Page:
Donna Prosciutto!


donna-prosciutto

It is safe to say that Italians are usually pretty liberal about nudity. Nudity is found everywhere, from modern TV and print ads to nude sunbathers all over its beaches to the walls of Italy’s treasured museums and villas.

Italians and Europeans in general often call Americans prudish and had quite a laugh at the scandal surrounding Janet Jackson’s brief display of nipple at the superbowl. Americans are taught that nudity is a dirty thing, while Europeans seem to think “if you have it, flaunt it”.

This is why this recent scandal caught my attention. Normally, A nude woman on a billboard would not raise attention in Italy. But when you add two slices of Prosciutto to said nude woman’s derriere, suddenly people are talking. In Capri, where the advertisement was placed, advocacy groups are fuming over this image.

Here’ s my question: Are they more concerned about the dignity of the Woman, or the Prosciutto?

DR

Bad Medicine Waltz


http://youtu.be/DNs8Cq68OQY

I remembered this one, incorrectly, as ‘Butterflies’ from Cult album ‘Dreamtime’ some time 1984. Amerindian Rock, Goth Sioux and similar namealikes never even made it into the Urban Dictionary let alone mass vocabulary, but what should have been often never was. A lyric in the link, ‘it’s funny how people stare’ prompted me to write about Italians (again…). They just can’t stop staring. I know it’s a ‘cultural thing’, but in any other country they’d run into problems (‘what the * are you looking at’ and ten million variants thereof). They stare at men, they stare at women, they stare at young women, they stare at old women, they stare at anything which remotely resembles a woman (akin to skating on extremely thin ice in this town), and when they stop staring to adjust the backscatter scanner behind their insectoid sunglasses, they’ll start all over again when the next passer-by unknowingly stimulates the field of the visually deranged. Pass the pyrethrin, if you please.

Meanwhile, it’s back to business in the business of Rome tourism – what a life :p

Electruck Avenue


Italy does not work. The most recent episode of rank dysfunction was the simple matter of a power cut which blacked out my block on Friday. A full day of flickering lights in a semi-basement apartment where luce is a luxury made daily life like a night in jail. ACEA parked a white van right outside the entrance and dug a ditch tailor made for anziani. A British tourist died in one of Rome’s metro stations some years ago after falling into escalator machinery because workers didn’t make sure that (1) their work was cordoned off with warning signs, and (2) that the escalator was switched off. Little has changed. For the record, the two maintenance workers who failed to replace escalator parts were sentenced to more or less two years in prison but neither of them served any time, and directors of their employer, OCS, were also let off as first time offenders.

The overnight supply truck worked wonders. We could see, eat, wash ourselves and check Facebook, that is until the following day when the episode went into past forward. A handful of numpties in blue jumpsuits started hammering away in the magazzino next door and bulbs started to fizzle then pop. Just add TIM call centre operatives cold calling twice daily, timed to within seconds of my leaving home to work on some new fangled Vatican tours project, and it’s easy to feel somewhat cornered by lackies.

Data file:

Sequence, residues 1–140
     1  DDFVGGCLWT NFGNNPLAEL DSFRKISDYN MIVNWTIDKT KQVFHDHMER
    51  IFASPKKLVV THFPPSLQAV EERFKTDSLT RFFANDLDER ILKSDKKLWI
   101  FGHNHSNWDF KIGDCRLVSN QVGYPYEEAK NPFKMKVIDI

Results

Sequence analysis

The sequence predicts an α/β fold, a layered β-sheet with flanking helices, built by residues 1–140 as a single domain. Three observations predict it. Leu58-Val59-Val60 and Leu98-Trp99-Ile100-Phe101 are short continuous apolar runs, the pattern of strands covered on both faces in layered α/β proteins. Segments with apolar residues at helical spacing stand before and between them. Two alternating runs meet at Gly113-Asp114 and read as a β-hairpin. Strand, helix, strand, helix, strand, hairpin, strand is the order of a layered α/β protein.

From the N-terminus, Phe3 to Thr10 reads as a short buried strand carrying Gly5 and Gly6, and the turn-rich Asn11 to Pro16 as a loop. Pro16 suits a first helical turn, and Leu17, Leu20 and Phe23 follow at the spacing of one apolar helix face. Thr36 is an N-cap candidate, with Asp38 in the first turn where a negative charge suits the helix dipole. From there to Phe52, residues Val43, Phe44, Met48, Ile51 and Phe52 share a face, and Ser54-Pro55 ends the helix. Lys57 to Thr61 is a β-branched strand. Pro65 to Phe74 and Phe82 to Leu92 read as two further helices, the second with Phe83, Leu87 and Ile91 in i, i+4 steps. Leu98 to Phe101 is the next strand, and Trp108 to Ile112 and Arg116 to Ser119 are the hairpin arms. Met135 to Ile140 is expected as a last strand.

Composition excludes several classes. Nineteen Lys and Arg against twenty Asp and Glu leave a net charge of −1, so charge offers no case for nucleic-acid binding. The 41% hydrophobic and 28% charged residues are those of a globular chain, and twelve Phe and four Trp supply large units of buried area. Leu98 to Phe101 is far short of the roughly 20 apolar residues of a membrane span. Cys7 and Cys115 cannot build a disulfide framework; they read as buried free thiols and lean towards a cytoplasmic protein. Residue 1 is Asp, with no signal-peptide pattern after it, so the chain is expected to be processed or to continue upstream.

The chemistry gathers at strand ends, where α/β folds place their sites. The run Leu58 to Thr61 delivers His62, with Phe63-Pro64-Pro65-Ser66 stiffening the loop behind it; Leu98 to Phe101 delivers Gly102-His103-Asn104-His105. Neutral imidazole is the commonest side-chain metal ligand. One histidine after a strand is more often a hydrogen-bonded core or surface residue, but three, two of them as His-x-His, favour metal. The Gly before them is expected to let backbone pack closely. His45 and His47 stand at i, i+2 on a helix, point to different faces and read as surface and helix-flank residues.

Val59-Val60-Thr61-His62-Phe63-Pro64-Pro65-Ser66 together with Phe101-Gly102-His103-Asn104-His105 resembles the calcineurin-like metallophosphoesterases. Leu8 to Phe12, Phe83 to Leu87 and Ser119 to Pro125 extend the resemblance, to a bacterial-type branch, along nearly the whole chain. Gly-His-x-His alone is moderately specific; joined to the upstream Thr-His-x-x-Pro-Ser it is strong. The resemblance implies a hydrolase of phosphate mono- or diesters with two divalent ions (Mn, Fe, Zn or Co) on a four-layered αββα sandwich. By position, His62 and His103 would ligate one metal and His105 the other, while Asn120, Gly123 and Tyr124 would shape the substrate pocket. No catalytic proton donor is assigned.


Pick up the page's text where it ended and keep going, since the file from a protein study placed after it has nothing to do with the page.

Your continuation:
Beautiful country, but getting things done is a constant battle.

Monochromacy


Disgusting headlines this morning from ‘Tuttosport’, hot on the heels of similar gutter journalism by Gazzetta dello Sport earlier this week have rendered Italy’s fine victory over Germany to nought. Whatever happens on Sunday night against Spain, the European Championships 2012 will forever be remembered as the tournament when the star player, a native Italian, was ridiculed by his compatriots for being black.

Mario Balotelli, 21, born in Palermo on grousing day 1990, is the most exciting footballing talent in the world. Whether he is white, black, neon pink or transparent is irrelevant. It is an accepted and proven fact that Italy is not a conducive environment for non-whites to live a normal, happy, working life without prejudice. There are many reasons for this, and if I listed each and every one i’d exceed the word count time out a hundred thousand times over. One can only hope that the emergence of a new, black, home grown idol will inspire positive change.

Anyone who follows Premiership football in England knows that Mario Balotelli is very popular with supporters of all clubs. His legendary off the field antics and tremendous strength of character have elevated him to superstar status, and if any tabloid dared publish a cartoon / article which referred to his ethnicity in a derogatory sense, either directly or indirectly, it would be boycotted, fined to the tune of thousands, and eventually shut down.

So what inspired this post? Google ‘Balotelli racism’ and you’ll find yourself reading and cringing about what Italy’s sporting dailies really think of their hero. ‘Tuttosport’ are based in Turin, and Juventus fans there have always hated Balotelli for being black and successful. Perhaps the dark and twisted connection in a city known for Freemasonry and the occult makes some kind of horrible sense.

Apologies? None. Well, nothing genuine, just excuses and a dismissive air.

Here are the links you need to read:

http://deadspin.com/5921797/even-italys-a-little-racist-toward-mario-balotelli

http://www.guardian.co.uk/football/2012/jun/29/euro-2012-newspaper-mario-balotelli-slur?newsfeed=true

http://blogs.independent.co.uk/2012/06/27/italian-press-depiction-of-mario-balotelli-as-king-kong-is-naive/

Buongiorno :/